Bug 1718398 - Use RPM built wheels of setuptools and pip in Python's ensurepip
Summary: Use RPM built wheels of setuptools and pip in Python's ensurepip
Keywords:
Status: CLOSED ERRATA
Alias: None
Product: Red Hat Enterprise Linux 8
Classification: Red Hat
Component: python27-2.7-module
Version: 8.1
Hardware: Unspecified
OS: Unspecified
unspecified
unspecified
Target Milestone: rc
: 8.0
Assignee: Charalampos Stratakis
QA Contact: Lukáš Zachar
URL:
Whiteboard:
Depends On:
Blocks:
TreeView+ depends on / blocked
 
Reported: 2019-06-07 16:14 UTC by Charalampos Stratakis
Modified: 2019-11-05 20:44 UTC (History)
2 users (show)

Fixed In Version: python27-2.7-8010020190702154151.51c94b97
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Clone Of:
Environment:
Last Closed: 2019-11-05 20:44:11 UTC
Type: Bug
Target Upstream Version:


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System ID Priority Status Summary Last Updated
Red Hat Product Errata RHSA-2019:3335 None None None 2019-11-05 20:44:31 UTC

Description Charalampos Stratakis 2019-06-07 16:14:59 UTC
This bug was initially created as a copy of Bug #1701286

I am copying this bug because: 



Upstream CPython bundles pre-built wheels of setuptools and pip. It installs them to the system when the ensurepip module is invoked, or to new virtual environments created via the venv module (the venv module transitively invokes the ensurepip module).

In Fedora, we remove those bundled wheels and we have a workaround.

In Fedora 28 (and earlier), we had a rather large custom patch in python3 (named "rewheel") that made the ensurepip module (and transitively venv) collect the files from the installed python2-setuptools and python2-pip packages, "rewheeled" them into an on demand wheel in /tmp and used that wheel instead of the originally bundled one.

Since Fedora 29, we do it differently. During the build of python-setuptools and python-pip RPMs a wheel is built from sources. The components gained a new subpackage python-setuptools-wheel / python-pip-wheel with the wheel:

$ rpm -ql python-pip-wheel
/usr/share/licenses/python-pip-wheel
/usr/share/licenses/python-pip-wheel/LICENSE.txt
/usr/share/python-wheels
/usr/share/python-wheels/pip-19.0.3-py2.py3-none-any.whl


Python is then patched simply to look for the wheels in different location and pick the highest available version instead of the hardcoded one.

The change can be seen in https://src.fedoraproject.org/rpms/python3/pull-request/49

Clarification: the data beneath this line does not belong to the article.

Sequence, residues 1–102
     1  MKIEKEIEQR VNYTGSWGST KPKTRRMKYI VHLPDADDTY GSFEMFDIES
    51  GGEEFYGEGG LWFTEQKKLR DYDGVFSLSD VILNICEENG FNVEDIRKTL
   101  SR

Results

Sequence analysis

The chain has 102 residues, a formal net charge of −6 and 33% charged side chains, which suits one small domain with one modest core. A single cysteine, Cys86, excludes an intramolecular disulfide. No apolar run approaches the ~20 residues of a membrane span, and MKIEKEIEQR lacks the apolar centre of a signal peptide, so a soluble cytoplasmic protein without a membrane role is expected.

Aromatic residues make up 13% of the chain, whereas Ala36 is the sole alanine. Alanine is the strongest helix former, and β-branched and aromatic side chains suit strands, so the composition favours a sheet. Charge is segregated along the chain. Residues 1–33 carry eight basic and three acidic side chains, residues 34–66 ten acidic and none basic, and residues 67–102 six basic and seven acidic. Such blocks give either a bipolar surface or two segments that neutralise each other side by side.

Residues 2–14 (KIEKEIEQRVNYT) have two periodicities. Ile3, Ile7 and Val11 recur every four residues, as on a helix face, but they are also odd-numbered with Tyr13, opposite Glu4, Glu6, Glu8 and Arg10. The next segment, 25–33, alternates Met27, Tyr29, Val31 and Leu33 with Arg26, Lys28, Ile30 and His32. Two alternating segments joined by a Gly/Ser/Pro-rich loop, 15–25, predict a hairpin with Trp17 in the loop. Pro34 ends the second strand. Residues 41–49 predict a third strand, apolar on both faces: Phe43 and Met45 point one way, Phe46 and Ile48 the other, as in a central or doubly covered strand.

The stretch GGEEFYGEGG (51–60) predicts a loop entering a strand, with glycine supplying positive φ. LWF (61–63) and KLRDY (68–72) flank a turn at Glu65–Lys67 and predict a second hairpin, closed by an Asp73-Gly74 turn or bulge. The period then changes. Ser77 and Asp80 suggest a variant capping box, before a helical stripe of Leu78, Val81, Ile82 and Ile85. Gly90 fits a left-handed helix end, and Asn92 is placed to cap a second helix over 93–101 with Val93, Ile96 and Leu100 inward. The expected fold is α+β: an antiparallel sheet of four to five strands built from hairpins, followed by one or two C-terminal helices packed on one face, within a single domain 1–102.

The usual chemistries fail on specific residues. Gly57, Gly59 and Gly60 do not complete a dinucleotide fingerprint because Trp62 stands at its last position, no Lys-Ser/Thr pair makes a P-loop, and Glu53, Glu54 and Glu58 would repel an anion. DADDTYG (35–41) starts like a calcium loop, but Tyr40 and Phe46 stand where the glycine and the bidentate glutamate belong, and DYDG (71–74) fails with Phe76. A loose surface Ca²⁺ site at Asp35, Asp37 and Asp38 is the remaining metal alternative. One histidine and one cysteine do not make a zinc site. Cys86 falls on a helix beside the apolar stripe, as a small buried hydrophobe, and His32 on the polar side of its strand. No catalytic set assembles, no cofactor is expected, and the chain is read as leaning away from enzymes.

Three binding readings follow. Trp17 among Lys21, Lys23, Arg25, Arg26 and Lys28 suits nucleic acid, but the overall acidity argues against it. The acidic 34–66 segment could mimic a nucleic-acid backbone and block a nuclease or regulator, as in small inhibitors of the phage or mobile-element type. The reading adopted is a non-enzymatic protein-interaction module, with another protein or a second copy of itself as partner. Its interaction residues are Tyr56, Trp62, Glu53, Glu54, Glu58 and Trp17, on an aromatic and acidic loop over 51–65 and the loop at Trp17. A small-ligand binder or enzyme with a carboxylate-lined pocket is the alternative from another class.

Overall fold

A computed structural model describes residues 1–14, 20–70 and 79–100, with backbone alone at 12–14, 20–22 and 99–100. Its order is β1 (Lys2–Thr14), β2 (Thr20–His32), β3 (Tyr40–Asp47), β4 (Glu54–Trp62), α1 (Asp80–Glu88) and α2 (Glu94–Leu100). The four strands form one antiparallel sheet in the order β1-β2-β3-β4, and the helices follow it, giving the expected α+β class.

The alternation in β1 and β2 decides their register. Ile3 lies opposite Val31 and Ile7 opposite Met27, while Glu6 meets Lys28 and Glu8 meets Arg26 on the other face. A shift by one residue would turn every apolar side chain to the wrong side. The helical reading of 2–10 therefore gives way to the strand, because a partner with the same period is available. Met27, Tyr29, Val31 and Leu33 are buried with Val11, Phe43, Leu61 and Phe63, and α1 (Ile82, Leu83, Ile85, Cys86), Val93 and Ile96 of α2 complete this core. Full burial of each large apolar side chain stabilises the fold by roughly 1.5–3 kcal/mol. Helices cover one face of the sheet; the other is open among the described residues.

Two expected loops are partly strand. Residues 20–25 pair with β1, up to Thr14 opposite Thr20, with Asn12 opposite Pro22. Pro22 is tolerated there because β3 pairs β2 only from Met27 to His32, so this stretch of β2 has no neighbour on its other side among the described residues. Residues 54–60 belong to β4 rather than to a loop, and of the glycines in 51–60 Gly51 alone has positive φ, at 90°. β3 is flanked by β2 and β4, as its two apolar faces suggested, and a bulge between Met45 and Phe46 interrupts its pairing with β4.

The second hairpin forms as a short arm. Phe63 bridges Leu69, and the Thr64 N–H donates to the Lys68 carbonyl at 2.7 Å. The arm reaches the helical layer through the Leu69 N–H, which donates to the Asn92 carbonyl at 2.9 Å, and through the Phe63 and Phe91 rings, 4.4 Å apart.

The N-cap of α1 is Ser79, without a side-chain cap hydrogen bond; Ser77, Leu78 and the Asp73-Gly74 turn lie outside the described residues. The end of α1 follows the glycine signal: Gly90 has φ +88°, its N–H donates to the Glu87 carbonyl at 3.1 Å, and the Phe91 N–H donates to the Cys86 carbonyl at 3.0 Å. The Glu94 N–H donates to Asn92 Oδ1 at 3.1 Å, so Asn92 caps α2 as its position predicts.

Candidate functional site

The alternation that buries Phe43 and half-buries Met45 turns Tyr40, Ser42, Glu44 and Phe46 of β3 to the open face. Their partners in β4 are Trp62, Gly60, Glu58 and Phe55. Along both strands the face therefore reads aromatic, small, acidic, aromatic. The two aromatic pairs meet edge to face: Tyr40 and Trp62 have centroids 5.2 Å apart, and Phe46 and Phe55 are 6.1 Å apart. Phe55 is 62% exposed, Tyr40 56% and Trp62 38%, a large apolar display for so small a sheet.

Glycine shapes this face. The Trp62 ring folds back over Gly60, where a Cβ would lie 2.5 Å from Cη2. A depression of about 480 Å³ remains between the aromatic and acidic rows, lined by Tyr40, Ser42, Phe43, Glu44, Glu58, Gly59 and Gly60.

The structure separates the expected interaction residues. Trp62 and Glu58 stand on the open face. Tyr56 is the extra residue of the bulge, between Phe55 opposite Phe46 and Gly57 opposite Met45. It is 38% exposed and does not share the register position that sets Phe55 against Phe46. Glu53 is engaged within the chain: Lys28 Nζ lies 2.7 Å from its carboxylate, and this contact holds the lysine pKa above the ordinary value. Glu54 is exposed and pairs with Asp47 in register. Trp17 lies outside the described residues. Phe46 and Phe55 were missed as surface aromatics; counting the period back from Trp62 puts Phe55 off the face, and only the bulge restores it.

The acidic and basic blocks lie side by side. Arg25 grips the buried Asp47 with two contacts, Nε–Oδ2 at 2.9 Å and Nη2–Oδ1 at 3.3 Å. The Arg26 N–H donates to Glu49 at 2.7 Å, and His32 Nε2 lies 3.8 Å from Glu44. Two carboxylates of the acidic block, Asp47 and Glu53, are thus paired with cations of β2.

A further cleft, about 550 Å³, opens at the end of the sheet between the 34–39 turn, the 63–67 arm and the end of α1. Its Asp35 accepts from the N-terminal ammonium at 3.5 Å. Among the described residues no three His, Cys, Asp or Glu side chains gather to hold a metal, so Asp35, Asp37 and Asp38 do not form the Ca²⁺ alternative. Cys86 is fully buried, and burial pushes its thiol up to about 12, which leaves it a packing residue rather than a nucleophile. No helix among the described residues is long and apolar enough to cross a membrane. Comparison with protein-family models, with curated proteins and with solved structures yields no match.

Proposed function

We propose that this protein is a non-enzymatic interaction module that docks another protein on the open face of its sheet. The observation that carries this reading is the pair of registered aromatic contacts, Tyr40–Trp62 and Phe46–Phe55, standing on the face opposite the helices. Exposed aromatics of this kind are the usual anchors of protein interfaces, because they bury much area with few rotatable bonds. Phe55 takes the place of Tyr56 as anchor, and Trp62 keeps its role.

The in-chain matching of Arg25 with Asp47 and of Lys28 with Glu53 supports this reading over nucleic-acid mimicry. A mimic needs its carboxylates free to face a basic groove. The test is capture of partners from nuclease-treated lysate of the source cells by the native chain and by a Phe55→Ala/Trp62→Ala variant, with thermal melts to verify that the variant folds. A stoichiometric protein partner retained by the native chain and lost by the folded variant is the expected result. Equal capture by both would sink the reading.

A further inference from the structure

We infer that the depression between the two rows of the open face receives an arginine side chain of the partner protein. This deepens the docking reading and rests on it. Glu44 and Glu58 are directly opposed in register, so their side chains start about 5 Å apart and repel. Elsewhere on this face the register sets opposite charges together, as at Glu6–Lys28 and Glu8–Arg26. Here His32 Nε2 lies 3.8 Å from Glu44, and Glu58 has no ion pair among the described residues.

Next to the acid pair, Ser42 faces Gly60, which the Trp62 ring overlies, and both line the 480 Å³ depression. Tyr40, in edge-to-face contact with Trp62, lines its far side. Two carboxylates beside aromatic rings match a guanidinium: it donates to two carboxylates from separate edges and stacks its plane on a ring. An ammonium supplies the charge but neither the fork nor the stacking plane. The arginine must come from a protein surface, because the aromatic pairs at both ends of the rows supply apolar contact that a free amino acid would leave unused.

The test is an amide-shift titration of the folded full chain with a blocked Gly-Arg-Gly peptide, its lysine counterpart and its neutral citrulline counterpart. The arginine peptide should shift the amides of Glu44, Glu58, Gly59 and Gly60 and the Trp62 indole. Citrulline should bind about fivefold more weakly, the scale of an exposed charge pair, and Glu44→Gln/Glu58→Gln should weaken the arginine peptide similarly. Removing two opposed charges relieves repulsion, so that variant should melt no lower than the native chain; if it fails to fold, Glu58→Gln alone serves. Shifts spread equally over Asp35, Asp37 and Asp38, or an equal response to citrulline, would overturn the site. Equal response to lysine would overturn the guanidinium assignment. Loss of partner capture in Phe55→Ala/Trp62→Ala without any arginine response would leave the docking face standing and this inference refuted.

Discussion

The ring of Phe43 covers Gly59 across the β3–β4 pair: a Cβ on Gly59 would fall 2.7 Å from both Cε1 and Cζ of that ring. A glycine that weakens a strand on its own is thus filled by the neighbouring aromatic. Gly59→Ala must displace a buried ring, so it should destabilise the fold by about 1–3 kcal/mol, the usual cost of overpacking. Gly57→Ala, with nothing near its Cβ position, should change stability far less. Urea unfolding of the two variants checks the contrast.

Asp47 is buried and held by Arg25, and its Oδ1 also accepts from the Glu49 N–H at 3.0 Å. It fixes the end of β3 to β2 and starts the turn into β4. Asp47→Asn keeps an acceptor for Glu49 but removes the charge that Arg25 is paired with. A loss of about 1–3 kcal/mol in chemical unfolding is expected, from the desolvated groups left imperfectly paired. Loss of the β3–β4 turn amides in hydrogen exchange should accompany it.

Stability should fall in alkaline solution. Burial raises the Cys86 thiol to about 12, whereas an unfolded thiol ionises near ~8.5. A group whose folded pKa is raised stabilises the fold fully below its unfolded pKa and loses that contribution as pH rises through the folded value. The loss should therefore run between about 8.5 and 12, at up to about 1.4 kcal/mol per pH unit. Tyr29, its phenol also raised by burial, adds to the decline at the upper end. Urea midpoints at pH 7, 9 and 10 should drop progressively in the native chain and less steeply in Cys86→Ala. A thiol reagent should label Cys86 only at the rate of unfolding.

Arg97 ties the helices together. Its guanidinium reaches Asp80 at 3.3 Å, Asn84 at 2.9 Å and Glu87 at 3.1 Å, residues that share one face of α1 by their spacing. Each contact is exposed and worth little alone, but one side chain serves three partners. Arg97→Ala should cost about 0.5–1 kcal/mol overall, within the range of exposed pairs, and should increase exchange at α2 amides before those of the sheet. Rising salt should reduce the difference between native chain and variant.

It has several benefits (with footnotes):

 - the patch is trivial and doesn't need much maintenance [1], whereas this was not true for the previous "rewheel" patch
 - RPM built wheels can be used in multiple Python interpreters assuming they are compatible - in Fedora they are currently compatible with Python 2.7, 3.4-3.8, both PyPys and somehow also with Jython [2]
 - when python-wheel also gains a wheel package (python-wheel-wheel), together those RPM built wheels can also be used in the python-virtualenv package - previously it just bundled the wheels from upstream
 - the mechanism in ensurepip is as much upstream-similar as possible
 - when pip or setuptools is updated after python2 is built, the version reported by the ensurepip module remains current, whereas previously it was baked in on build time
 - python2 doesn't depend on python2-pip and  python2-setuptools packages, which might be appreciated by some system administrators [3]


To lower the maintenance burden, I suppose we should update python in RHEL 8.1 to be aligned with Fedora 29+ in this manner.

Python 2 in RHEL 6/7 doesn't have pip.

Python 3 in RHEL 7 has rewheel. Whether it should stay that way or not is out of scope here.


------------------------

[1] The patch needs to be rebased when new setuptools/pip releases are bundled within a new python release, however the rebasing only consists of hardcoded version bumps in the original - that serves as a reminder to also update the versions hardcoded in the specfile (used when this entire patch is bconded out)

[2] They are not compatible with Python 2.6 but that doesn't have neithr ensurepip nor venv

[3] Technically it still depends on pip and setuptools wheels, however those are not "installed" (from Python perspective) but only "available"

Comment 2 Lukáš Zachar 2019-09-26 15:27:32 UTC
strace has shown that whl from /usr/share/python2 was used to install pip and setuptools

Comment 4 errata-xmlrpc 2019-11-05 20:44:11 UTC
Since the problem described in this bug report should be
resolved in a recent advisory, it has been closed with a
resolution of ERRATA.

For information on the advisory, and where to find the updated
files, follow the link below.

If the solution does not work for you, open a new bug report.

https://access.redhat.com/errata/RHSA-2019:3335


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